What are they?
This CV format is a straightforward career CV, the type that most people think of when imagining a cv. They follow a fairly logical structure, designed to make it easy for the reader to track the candidate’s career path.
Chronological CVs are usually an effective format for candidates whose career has been reasonably steady, showing progression over time. If you are the type of person who has increased your responsibilities and gained promotions as you have changed roles, then a chronological CV will present your experience effectively.
Even if you haven’t necessarily gained promotions but your background mirrors a well-trodden route through roles that are common in your industry, then a career CV will probably also read well. The key is really whether your career track is likely to make sense to the reader, without too much explanation or clarification required.
The following are the key sections in a chronological CV.
Should I put Education first?
It depends on your level of seniority. If you are a junior or mid-career candidate you would usually place the education section towards the start of your CV. It is generally in the early stages of a candidate’s career that their degree and professional qualifications carry the most weight. Later as a career become more established the job roles, responsibilities and achievements begin to take priority. For this reason, senior candidates are usually advised to impress the reader with their career accomplishments in the first instance, before outlining educational qualifications.
The details that you should include in the education section are:
- Years of attendance
- Name of the institution
- Title of qualification and grade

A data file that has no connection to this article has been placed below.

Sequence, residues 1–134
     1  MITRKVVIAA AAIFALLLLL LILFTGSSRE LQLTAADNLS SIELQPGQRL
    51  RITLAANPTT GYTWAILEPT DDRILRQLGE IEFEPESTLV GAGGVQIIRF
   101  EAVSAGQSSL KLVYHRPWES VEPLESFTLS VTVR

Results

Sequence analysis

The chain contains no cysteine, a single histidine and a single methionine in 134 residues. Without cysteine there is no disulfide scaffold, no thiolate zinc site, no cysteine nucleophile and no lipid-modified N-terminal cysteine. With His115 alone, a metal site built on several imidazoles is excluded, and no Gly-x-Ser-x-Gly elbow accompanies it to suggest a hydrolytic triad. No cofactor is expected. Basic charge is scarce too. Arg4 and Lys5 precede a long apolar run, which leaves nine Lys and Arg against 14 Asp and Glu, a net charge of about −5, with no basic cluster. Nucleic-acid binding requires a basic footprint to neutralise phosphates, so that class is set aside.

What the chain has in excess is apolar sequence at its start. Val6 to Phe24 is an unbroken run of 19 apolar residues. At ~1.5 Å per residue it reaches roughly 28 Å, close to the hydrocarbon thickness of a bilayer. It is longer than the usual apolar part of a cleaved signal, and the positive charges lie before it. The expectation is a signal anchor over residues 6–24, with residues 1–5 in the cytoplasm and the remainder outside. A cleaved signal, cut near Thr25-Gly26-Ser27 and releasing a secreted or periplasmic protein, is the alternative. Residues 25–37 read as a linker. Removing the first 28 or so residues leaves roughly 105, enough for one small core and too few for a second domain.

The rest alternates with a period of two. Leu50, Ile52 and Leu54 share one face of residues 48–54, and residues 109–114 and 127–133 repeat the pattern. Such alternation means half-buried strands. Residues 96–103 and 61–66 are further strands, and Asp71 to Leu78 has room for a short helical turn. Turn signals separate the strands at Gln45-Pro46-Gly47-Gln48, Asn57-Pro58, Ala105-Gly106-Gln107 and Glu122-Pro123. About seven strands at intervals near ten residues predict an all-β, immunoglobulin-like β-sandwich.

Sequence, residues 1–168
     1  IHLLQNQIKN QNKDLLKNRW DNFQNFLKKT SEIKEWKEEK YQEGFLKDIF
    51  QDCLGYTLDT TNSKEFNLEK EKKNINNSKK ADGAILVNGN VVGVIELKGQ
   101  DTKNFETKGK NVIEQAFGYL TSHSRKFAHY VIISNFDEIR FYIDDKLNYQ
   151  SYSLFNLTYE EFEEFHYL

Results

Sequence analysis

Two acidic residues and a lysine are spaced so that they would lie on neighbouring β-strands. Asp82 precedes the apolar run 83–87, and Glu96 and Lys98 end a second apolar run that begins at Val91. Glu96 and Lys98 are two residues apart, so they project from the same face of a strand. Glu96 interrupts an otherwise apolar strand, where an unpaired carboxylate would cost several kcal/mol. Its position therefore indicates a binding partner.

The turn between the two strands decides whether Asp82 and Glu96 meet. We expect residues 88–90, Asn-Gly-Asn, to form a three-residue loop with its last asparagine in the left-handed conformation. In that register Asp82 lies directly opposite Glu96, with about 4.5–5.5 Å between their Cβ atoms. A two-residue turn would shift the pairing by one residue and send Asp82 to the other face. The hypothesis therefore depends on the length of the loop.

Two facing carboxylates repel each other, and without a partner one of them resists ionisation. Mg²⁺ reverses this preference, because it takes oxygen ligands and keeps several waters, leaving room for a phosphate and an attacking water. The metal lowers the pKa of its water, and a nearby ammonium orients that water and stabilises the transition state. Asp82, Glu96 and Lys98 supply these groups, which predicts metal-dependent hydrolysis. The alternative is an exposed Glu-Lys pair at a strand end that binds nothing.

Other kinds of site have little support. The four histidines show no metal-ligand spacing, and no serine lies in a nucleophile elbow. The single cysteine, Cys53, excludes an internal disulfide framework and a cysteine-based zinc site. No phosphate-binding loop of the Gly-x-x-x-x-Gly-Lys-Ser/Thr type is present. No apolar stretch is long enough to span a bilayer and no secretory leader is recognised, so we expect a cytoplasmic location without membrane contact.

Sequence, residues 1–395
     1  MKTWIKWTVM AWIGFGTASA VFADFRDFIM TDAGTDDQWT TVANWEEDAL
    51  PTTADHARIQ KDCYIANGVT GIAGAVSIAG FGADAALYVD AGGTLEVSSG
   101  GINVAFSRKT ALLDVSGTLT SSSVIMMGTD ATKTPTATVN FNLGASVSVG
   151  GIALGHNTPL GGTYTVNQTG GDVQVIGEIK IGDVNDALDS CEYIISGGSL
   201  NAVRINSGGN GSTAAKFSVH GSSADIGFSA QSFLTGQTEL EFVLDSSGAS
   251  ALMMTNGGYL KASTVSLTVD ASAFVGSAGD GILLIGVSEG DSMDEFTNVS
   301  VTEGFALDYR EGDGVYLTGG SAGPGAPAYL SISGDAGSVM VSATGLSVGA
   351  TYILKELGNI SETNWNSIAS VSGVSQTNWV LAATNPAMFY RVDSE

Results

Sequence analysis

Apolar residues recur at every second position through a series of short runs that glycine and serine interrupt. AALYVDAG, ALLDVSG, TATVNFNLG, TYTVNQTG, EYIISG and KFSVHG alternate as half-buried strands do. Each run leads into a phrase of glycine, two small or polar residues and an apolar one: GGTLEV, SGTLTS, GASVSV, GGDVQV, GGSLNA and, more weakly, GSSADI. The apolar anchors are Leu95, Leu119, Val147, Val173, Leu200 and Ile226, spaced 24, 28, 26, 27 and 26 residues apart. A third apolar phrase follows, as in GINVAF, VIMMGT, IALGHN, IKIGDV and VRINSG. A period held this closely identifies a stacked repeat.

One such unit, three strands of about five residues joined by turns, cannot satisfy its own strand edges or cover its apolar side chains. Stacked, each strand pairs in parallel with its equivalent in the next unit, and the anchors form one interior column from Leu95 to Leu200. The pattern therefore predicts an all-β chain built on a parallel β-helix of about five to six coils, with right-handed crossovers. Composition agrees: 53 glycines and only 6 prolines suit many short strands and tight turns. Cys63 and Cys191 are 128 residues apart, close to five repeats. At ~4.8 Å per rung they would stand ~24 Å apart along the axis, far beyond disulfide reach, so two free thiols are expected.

- Thesis or principal area of study (if applicable)
How do I describe my roles?
Your job history can be structured in date order with the most recent position first before moving on to the previous roles. For each position employers will expect to see:
- Start and end dates (months and years)
- Job title
- Company name
- Location (for international roles)
- Very brief description of company activities
- Summary of your key responsibilities
- Description of your main achievements
Tip: Avoid the trap of just listing the duties that are on your job description. This is your CV and you must make it personal to you. Therefore think about the activities that you actually spent most time on and include those in your CV. Junior or mid-level candidates are unlikely to need more than six key responsibilities.
Languages, IT Skills and other Training
Depending on your skills you can divide the additional information into separate sections or include it in just one. This will also be determined by the type of role you are targeting, so that technical positions will call for more emphasis on IT skills, while vacancies with an international element would merit languages featuring more highly. In all cases, it is recommended to include the skill level and how they were used. For example: Advanced oral and written Spanish gained over two years while teaching second level students in Barcelona.’